If I were a member of Congress I happily would vote down Obama’s war resolution for all of these reasons. There is no cause to assent to the president’s demand for a war authority he does not want, does not need, and probably will not use. I also cannot help thinking that the presidential request is little more than a trap, a bone thrown in the direction of the cloakroom to distract from the collapse of America’s position in the Middle East and the approaching deadline for nuclear talks with Iran. How better to provoke infighting among both Republicans and Democrats, to switch the debate from sanctions against Iran to “Rand Paul versus Marco Rubio for the soul of the GOP,” than to start a debate over presidential war powers as the war is going on.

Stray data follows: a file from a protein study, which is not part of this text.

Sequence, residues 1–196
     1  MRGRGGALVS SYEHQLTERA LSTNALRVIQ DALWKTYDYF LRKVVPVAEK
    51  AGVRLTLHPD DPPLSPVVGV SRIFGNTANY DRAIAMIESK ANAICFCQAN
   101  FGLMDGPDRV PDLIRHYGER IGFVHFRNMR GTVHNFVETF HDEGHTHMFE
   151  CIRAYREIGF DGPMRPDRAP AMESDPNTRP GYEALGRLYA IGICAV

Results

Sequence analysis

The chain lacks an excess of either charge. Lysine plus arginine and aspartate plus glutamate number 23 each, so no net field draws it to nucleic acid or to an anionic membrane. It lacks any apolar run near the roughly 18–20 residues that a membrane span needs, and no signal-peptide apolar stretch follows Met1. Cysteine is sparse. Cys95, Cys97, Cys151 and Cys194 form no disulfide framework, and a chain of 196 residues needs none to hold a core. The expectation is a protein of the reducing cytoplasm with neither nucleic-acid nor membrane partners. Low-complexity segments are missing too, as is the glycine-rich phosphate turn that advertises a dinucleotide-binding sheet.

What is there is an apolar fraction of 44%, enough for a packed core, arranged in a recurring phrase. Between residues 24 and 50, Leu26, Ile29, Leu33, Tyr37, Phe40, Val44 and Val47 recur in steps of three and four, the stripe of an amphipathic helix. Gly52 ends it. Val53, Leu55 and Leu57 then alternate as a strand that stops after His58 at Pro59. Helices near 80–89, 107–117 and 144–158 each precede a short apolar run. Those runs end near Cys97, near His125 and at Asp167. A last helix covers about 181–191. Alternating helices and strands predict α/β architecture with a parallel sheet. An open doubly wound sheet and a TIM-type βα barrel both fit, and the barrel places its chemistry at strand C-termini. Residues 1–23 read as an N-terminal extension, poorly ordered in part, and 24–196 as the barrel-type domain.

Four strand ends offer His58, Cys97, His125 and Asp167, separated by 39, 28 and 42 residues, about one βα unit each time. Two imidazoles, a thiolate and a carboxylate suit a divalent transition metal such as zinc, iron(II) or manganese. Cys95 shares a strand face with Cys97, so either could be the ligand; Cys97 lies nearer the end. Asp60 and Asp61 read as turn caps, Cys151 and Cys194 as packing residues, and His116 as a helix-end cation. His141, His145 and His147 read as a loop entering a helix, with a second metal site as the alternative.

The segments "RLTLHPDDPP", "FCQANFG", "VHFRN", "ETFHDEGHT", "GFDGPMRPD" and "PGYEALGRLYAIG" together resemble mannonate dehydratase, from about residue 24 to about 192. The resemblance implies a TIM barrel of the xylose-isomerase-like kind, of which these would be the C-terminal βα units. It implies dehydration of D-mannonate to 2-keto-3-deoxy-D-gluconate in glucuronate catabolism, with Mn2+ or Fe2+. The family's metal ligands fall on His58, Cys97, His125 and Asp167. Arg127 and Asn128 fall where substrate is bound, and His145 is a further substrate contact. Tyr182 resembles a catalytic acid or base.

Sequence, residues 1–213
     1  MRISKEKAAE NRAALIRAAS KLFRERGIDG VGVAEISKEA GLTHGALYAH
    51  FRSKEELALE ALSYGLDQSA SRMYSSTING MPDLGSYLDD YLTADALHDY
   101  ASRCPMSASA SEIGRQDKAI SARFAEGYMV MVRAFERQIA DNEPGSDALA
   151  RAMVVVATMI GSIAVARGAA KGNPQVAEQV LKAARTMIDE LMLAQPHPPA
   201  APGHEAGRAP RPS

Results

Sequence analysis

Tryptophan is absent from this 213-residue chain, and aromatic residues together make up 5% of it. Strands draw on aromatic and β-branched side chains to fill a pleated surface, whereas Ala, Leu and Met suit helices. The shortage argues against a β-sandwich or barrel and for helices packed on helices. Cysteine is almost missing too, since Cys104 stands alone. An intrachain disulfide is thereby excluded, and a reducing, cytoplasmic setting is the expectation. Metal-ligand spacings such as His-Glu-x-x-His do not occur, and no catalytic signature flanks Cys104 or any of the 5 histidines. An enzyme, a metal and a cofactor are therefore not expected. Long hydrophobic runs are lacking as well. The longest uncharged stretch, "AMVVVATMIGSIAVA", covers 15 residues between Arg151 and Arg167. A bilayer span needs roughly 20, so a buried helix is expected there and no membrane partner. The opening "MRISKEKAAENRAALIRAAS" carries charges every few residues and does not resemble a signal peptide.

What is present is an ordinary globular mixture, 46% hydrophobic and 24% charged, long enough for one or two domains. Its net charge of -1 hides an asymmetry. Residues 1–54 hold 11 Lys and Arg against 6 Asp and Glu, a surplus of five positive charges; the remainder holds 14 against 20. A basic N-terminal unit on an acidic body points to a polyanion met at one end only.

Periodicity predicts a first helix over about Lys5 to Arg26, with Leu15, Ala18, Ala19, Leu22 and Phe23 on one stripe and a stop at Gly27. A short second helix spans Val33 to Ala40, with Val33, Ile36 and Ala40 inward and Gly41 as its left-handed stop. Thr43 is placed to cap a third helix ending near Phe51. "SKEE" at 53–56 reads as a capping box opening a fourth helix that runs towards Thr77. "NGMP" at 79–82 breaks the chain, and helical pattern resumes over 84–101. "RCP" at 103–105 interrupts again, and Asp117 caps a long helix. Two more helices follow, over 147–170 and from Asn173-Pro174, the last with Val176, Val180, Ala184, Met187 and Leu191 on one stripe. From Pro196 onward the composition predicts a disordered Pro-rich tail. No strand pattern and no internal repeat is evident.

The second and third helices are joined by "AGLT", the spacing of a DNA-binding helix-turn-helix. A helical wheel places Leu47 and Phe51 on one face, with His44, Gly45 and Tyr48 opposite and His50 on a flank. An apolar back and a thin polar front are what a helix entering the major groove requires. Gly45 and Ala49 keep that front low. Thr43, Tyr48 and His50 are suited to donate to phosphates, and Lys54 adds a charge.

Indeed, a congressional rebuke of Obama on the grounds that his proposal does not go far enough is more likely to make him rethink his approach than bipartisan passage or an extended period of debate and modification and attempts to “improve” his language. And even if such a rethinking does not occur, if Obama goes ahead with his strategy based on his current authorities, the Republicans would pay no price. Say that Obama is not looking to distract the Congress with his war authorization but to win congressional buy-in for his policy through the end of his presidency. How is the country made more secure, how is the American interest furthered, by Republican authorization of a flawed strategy? Would the Democrats have gone along with Bush or participated in earnest and collegial discussions with his administration if he had asked Congress to authorize his surge of troops to Iraq in 2007? You can stop laughing.